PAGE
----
Raiders of the Last Boss
Raids are getting some tweaks too. Players can now jump into any new raiding group, providing that they’ve already beaten the boss that matches up to the point where the raid they want to join is. Confusing? Assume you’ve killed the second boss in a raid. Now you can join any other raid that has done the same. This should eliminate a lot of player downtime and the worst thing about WoW: waiting.
Raids can now be “downshifted” as well. Suppose your 25-player raid meets up, and not everyone is there. You can break the raid up into 10-person raids and continue soldiering on. Unfortunately, you can’t upshift your raid from 10 to 25, which is to avoid the social problem of splitting up, sticking your b-listers into a raid, tanking past the next boss, and then recombining.
The Guilded Age
Guilds are getting a huge shot in the arm. There’s now a complete guild landing panel, complete with a pseudo RSS feed that tells you when other members level up, beat a certain boss, perform a unique task, or were awarded a guild achievement. It’s a great way to keep up with other members. Rather than finding out weeks later, now you can see that Ironbutt reached level 82 the day before and congratulate him.
Guilds also earn reputation as a group, which is gained by killing bosses, going on quests, hitting the rated battlegrounds, or earning guild achievements. You can earn the ability to purchase unique guild mounts, which are customized with guild flags. You’ll even be able to plant guild standard in the ground and gather your teammates around for a perfect screenshot. Plus, there’s a new roster where you can easily find recipes and talents via their profession pane, in case you need something specific.
You Call This Archeology?!
Blizzard went into more detail about archeology, and said it’s something that will probably appeal to the casual player. It basically serves as a way for them to add more lore to the game, and it digs extra-deep into the history of Azeroth. You’ll encounter some common artifacts and rare items, but those will mostly be toy or cosmetic items. There will be very powerful items, and the Horde and Alliance will have their own unique archeology paths.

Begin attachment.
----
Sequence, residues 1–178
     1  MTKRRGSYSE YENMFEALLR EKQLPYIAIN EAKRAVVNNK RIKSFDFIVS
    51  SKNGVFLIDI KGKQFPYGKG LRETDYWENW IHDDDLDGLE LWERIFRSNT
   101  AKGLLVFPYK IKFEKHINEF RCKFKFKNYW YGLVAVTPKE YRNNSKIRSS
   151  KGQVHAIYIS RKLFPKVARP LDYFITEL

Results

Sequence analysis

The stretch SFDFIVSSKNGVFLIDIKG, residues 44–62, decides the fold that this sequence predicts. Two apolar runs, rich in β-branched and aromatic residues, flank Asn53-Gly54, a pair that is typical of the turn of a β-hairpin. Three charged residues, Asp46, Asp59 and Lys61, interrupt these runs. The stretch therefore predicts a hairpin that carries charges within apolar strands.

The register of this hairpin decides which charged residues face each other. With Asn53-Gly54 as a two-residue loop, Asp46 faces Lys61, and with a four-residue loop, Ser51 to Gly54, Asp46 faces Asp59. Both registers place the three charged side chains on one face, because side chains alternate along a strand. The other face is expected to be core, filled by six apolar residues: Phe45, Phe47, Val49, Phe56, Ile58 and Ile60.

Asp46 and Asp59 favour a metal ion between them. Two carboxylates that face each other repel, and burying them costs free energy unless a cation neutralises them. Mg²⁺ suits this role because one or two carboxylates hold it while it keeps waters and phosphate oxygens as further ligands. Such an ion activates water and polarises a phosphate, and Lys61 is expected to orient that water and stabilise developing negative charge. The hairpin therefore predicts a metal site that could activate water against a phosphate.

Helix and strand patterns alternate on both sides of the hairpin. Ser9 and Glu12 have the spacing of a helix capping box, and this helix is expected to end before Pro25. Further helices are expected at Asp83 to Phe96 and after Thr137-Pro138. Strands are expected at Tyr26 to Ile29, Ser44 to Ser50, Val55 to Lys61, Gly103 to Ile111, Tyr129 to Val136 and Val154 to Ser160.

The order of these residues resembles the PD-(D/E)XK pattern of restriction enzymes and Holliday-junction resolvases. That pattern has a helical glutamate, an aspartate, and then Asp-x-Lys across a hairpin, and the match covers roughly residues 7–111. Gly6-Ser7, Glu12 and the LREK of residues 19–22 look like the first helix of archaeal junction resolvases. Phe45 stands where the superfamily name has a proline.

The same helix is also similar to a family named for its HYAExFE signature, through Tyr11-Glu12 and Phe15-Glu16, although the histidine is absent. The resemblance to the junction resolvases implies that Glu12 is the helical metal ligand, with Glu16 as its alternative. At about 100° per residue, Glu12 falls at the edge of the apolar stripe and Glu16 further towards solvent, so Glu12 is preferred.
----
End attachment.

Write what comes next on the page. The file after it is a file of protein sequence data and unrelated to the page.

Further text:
Goblins Are Awesome
While they opened up both starting areas to us, I spent all of my time in the Goblin zone. The gothic horror element of the Alliance Worgen really appealed to me, and that’s where I thought I’d spend all of my time finding out why I’d started to grow hair in strange places, but the cute and cuddly evil Goblins won me over. They have lawn flamingos. Seriously.
Plus, there’s an extremely early quest you can accept that gives you a souped-up hot-rod that you can drive all over the goblin roads and run down NPCs who call you a menace. The hot-rod has a “Punch It!” ability that increases the speed by 50%, and there’s a radio that plays Warcrafty tunes, and even a horn you can honk. What’s not to love?
You keep this jalopy for a while, but sadly, it doesn’t stay with you forever. It’s an extremely fun starting zone, very user-friendly, and there’s a ton of humor here. One quest involves dressing up, going to a party, and entertaining guests by getting them hammered. Awesome.
What They Eliminated
The last time Cataclysm information was firehosed onto us, it was at BlizzCon. But, as Blizzard is constantly refining things, a few things were dropped. No longer around are:
- Guild Money: Instead of having guild money, there are now guild achievements. Rather than having one person in charge of the guild’s cash, now you can unlock achievements that allow everyone to buy new items with normal gold as the guild unlocks them.
- Guild Talents: This got tossed out because the developers thought one guild would find a perfect “formula” of talents, and then everyone else would just copy that.
- Glyphs: The Path of the Titans: They’ve dropped this and eliminated paths as well, although they may revisit Path of the Titans down the road. Instead, they’ve made glyphs “as cool as we wanted them to be.” Glyphs will now be permanent, and they come in flavors of major, medium, and minor.
Blizzard didn’t tell us when this is all coming out, or even when we’d be able to join the beta. Personally, I haven’t played WoW in years, but this has me itching to rejoin immediately. Which is probably no coincidence to Blizzard, either.